Chevron, meanwhile, has given more than $7 million worldwide to humanitarian organizations, and is matching employee donations two to one. Over $2 million has been donated to local relief efforts in several U.S. states, and they have committed an additional $2 million to match employee contributions to U.S.-based nonprofits.

Combatting Hunger

While there are a number of critical community service priorities, ensuring that vulnerable populations don’t go hungry is a particular concern.

LyondellBasell is donating $1.3 million to alleviate hunger and food insecurity during this difficult time, with money going towards the Global FoodBanking Network and United States local food banks.

"Even in the best of times, hunger and food insecurity is a challenge. The COVID-19 pandemic has made this need even more severe as food banks around the world have experienced an increase in demand and a decline in food donations," said LyondellBasell CEO Bob Patel. "In addition to the work our team is doing to supply materials that are used in medical applications, we wanted to help those who are finding it difficult to put food on the table by supporting these vitally important organizations.”

BASF is also joining in the fight against hunger, partnering with its North America Agricultural Solutions business and several U.S. sites to donate more than $365,000 to Feeding America, the nation’s largest domestic hunger-relief organization. BASF will continue to match employee contributions up to $500 per employee through the company’s matching gifts program, and all contributions will support Feeding America’s network of food banks. BASF has also donated $50,000 to the Greater Baton Rouge Food Bank, including ongoing support to feed hungry students through the BackPack program. And the BASF site in Freeport, Texas has donated $10,000 to ActionS to provide meals, groceries, and basic necessities for senior citizens who were or have become homebound because of the COVID-19 pandemic.

ExxonMobil’s commitment to the Houston area extended to addressing food insecurity, with a $250,000 donation to the Houston Food Bank and Montgomery County Food Bank – enough to provide about one million meals to Houston-area residents.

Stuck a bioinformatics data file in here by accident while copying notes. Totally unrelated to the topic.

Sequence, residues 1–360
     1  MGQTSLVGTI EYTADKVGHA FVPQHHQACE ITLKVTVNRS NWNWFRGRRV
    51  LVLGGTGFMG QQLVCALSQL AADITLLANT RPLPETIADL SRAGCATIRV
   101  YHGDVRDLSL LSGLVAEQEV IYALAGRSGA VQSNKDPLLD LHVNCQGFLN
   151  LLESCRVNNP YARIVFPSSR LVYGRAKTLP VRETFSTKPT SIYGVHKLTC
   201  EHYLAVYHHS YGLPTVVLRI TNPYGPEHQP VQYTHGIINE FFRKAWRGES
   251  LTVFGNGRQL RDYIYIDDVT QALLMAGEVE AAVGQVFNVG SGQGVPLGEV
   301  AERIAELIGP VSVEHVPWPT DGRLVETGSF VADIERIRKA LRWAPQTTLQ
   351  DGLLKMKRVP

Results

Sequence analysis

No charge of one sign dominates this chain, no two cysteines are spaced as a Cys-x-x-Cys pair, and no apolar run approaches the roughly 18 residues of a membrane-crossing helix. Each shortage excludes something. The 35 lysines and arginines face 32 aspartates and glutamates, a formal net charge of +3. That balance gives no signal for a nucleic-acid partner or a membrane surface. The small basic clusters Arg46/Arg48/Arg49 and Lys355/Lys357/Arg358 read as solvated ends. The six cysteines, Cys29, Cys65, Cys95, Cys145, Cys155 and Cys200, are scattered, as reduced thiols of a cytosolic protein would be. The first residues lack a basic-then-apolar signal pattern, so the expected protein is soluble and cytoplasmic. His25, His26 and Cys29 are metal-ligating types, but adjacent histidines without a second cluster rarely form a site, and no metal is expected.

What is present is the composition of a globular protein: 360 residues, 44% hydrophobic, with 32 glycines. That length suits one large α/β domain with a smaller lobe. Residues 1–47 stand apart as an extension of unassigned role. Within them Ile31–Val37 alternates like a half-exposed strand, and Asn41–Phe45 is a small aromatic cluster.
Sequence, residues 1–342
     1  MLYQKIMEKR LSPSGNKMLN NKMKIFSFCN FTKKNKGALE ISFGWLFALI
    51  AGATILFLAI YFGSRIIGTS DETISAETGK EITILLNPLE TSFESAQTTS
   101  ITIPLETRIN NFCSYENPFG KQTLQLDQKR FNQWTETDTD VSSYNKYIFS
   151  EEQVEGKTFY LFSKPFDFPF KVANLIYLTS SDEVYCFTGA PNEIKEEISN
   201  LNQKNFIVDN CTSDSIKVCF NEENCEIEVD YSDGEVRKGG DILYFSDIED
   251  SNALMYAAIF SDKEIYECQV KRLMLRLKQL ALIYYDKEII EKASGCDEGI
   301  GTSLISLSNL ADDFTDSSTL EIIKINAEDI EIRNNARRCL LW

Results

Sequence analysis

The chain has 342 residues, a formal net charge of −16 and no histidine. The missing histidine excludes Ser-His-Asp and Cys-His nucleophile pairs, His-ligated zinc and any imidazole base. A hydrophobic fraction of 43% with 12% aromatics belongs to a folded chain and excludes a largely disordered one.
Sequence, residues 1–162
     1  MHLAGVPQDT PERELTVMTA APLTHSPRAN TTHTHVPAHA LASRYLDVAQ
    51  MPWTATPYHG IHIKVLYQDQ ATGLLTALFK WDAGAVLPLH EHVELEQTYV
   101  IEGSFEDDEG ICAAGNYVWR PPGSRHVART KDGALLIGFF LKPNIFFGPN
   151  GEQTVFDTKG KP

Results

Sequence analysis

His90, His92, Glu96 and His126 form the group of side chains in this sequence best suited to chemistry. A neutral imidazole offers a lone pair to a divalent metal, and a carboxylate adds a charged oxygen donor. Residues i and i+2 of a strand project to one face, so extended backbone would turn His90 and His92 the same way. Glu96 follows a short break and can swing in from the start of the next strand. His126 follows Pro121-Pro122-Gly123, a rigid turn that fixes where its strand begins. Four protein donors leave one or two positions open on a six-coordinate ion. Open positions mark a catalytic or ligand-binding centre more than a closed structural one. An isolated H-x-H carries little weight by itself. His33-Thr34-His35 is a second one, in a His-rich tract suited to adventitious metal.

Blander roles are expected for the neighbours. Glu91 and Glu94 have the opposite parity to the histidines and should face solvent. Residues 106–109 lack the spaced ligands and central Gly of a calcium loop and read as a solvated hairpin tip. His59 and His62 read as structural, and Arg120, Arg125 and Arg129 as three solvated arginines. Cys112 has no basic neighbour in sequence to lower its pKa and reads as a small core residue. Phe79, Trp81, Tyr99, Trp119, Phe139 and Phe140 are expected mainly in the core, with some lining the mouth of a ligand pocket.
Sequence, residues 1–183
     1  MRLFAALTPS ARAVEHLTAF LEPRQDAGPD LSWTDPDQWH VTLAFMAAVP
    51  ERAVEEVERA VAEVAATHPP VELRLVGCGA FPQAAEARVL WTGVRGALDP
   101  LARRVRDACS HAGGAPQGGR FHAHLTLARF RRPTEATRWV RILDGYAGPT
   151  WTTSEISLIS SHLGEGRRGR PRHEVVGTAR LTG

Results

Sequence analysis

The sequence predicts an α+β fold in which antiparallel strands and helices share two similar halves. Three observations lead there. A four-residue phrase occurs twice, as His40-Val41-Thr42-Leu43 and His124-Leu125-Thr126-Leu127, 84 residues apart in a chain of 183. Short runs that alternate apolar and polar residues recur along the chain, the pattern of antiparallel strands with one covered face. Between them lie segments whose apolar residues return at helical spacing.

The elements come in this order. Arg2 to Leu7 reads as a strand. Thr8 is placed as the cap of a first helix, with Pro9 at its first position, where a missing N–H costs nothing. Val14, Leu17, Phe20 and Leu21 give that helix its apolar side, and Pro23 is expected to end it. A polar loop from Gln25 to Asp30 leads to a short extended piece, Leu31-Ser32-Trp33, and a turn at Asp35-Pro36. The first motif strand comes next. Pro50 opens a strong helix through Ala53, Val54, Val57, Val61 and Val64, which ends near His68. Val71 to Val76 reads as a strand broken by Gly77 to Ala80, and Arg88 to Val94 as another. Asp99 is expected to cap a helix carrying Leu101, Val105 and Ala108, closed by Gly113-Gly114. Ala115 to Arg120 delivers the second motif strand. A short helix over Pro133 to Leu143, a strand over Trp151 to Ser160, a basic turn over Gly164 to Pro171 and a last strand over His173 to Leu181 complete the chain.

And Chevron’s $7 million philanthropic contributions have included donations to food banks in California, Texas, New Mexico, Louisiana, Pennsylvania, and West Virginia.  

Addressing hunger was also a critical component of Phillips 66’s commitment to frontline communities, with donations going to food banks in California, Louisiana, and Texas.

And HollyFrontier worked with local businesses to give away a thousand boxes and bags of groceries, including gas cards, to families near its Artesia, New Mexico facility.

Enabling Education

Like so many other aspects of daily life, education has been transformed by the COVID-19 pandemic. AFPM member companies have been doing what they can to help underprivileged students adapt to this new challenge.

CITGO, in partnership with the Harris County Sheriff’s Office, donated Kindles to the to the Houston and Alief Independent School Districts to help support low-income students' e-learning needs during the COVID-19 school closures and the subsequent move to remote learning platforms.

ExxonMobil has donated $200,000 to aid the Carlsbad, New Mexico Municipal Schools’ online education resources, a critical investment as children have transitioned to remote learning, as well as supporting the West Texas Food Bank’s mission in the Permian region.  

Chevron, meanwhile, has donated $500,000 to an initiative by DonorsChoose to help provide remote learning grants to support educators in underserved school districts as they transition to online learning.

And Phillips 66 has reallocated some of its funding to the Barbara Bush Houston Literacy Foundation and iWrite to continue literacy education while students are out of school. Their partnership with the Foundation and the Houston Food Bank will provide 100,000 books to families as they pick up food at designated school locations. Since more than 75% of children in Houston ISD are on the National School Lunch program, a substantial portion of students will be using this program while schools are closed. iWrite will also partner with Kids Meals to include literacy journals sponsored by Phillips 66 during their meal distributions to children in Houston.

Fuel and petrochemical companies have strong relationships with the communities where they work and live, and they are dedicated to continuing to support their neighbors during this difficult period.